There has been increasing interest in food- and dietary supplement-based materials that may support healthy cognition. However, few studies have quantitatively measured bioavailability, bioactivity, or cognitive short- and long-term effects of these materials against placebo. Earlier clinical studies reported ability of coffee cherry extract (CCE) to a.) reduce levels of reactive oxygen species (ROS) in human blood and b.) to increase serum and exosomal levels of brain-derived neurotrophic factor (BDNF), a neuroprotein essential for neurogenesis. Here, we examined CCE influence on cognitive performance. Seventy-one adults with mild cognitive decline completed this double blind, randomized, placebo-controlled, 28-day regimen. Participants engaged in a cognitive challenge that involved working memory processes. Our results suggest that effects of CCE were notable during the first week and persisted throughout the study period. Specifically, participants on the CCE regimens had significant reductions in reaction time compared to placebo when comparing baseline to days 7 and 28 (p = 0.040, partial η2 = 0.130). A main effect of group was not identified for accuracy; however, strong trends were noted between the placebo group and two of the three CCE groups. These results suggest CCE, when taken in the morning or twice per day, is associated with improvements in reaction times and trends toward indications of improved accuracy. Although further research is required, these observations may be indicative of underlying processes such as increased processing speed, sustained attention, and/or focus.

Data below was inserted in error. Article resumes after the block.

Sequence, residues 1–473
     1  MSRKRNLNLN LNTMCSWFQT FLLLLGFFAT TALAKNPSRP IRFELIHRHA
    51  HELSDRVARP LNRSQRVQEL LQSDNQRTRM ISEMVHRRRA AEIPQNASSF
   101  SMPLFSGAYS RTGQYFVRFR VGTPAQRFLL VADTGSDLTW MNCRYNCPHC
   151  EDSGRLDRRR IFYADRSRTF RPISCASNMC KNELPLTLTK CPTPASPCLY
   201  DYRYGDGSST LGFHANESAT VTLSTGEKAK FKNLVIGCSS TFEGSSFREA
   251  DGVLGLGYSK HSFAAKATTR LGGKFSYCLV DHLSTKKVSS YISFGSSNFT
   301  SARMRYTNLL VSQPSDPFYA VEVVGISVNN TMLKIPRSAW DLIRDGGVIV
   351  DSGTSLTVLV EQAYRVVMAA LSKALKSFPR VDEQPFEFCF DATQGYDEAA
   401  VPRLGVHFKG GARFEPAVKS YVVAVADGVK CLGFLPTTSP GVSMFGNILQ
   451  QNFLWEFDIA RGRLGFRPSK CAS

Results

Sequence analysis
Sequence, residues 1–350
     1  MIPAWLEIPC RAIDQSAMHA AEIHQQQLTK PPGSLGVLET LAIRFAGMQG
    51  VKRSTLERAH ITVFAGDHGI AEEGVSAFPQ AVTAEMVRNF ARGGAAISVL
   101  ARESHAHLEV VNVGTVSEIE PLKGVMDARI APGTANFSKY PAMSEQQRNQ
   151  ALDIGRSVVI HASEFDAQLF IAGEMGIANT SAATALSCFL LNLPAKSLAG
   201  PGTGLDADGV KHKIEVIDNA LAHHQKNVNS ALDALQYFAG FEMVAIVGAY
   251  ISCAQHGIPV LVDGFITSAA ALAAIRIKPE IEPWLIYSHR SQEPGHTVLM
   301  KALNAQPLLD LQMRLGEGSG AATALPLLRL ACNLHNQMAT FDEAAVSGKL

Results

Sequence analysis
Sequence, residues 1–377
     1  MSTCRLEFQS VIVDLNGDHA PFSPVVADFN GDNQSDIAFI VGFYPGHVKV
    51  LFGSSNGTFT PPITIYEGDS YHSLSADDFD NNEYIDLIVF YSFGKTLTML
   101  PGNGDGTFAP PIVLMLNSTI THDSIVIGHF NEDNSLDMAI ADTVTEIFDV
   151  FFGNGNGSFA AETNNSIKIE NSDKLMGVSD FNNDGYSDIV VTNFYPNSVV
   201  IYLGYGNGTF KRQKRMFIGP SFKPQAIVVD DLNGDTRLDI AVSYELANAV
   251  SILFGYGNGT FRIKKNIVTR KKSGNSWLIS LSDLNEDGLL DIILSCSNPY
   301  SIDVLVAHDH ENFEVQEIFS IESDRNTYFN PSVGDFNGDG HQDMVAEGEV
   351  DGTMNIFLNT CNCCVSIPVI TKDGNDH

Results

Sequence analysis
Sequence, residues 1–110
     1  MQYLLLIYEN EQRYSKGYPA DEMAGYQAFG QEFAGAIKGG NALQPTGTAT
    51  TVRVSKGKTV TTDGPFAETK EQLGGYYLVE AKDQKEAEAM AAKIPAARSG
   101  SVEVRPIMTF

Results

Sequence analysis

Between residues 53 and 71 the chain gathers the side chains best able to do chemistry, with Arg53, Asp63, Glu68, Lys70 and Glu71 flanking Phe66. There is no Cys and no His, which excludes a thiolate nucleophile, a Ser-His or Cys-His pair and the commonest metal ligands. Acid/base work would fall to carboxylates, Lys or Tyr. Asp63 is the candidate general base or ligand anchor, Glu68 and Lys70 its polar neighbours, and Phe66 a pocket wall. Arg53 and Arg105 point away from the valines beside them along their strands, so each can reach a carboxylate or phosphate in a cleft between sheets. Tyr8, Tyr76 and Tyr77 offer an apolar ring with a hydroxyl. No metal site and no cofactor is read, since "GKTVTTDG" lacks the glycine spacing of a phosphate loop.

Keywords: Polyphenols; brain derived neurotrophic factor; n-back; nutraceutical; reaction time.